Pajama Press is pleased to announce that Acts of Courage: Laura Secord and the War of 1812 by Connie Brummel Crook has been shortlisted for two different 2012 Word Awards, in the categories of Young Adult and Historical Fiction.

The winners will be announced at at the 2013 gala to be held at World Vision Canada headquarters in Mississauga, Ontario on June 12, 2013. Tickets can be purchased at The Word Guild’s website.

Congratulations, Connie!

Pickle Me This Mom and Daughter Enjoying Hoogie in the Middle

Posted on April 20th, 2013 by pajamapress

“…I knew something was up when Harriet  suddenly couldn’t stop talking about it. (“You be Pumpkin, you be Tweezle, and I’ll be Hoogie,” she’d demand of whoever was in her company, or a variation on this.) I asked her why she liked the book so much: “Because Hoogie’s a monster and she’s nice,” Harriet answered, and I liked that answer…This is a good teaching book for any middle child, but also (I have a feeling!) useful for any little one suffering a bit of family displacement. Hoogie will help them to articulate their feelings and know they aren’t alone.”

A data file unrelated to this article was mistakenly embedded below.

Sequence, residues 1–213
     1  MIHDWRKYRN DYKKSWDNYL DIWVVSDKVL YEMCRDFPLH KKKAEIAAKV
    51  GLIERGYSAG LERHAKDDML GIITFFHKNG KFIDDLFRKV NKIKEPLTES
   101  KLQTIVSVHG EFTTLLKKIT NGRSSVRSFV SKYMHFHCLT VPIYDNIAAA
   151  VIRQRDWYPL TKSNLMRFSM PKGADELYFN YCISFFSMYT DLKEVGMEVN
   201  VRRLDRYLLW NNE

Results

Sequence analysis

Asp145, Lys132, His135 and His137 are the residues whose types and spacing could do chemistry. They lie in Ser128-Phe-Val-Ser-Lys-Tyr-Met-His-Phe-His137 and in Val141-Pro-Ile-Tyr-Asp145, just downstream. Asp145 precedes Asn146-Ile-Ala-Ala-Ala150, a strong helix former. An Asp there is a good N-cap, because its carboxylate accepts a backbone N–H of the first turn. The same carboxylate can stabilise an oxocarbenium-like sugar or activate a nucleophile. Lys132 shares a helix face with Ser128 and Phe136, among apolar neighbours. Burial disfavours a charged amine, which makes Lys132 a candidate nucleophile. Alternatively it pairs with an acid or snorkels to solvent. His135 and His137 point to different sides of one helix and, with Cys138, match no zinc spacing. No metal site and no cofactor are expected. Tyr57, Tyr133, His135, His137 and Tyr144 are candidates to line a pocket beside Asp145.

Kerry Clare

Click here to read the full review.

Debut novel Namesake earns starred Quill & Quire review

Posted on April 20th, 2013 by pajamapress

“In her debut novel, Sue MacLeod successfully accomplishes a feat many more experienced writers struggle with: weaving an historical narrative smoothly into a contemporary storyline. The Toronto author uses the tried-and-true device of time travel to bring together two very different girls who share the same name: Jane Grey.

Modern Jane is a 15-year-old Halifax girl trying to navigate the first few months of high school and a host of typical teen problems, which pale in comparison when she comes face-to-face with a girl whose life is about to come to an abrupt end.

A mysterious prayer book mixed in with a pile borrowed from the library for a school history project throws Jane through a wormhole into the world of her namesake, the doomed 16-year-old who ruled England for nine days in 1553 before her cousin Mary had her imprisoned in the Tower of London and eventually beheaded for treason.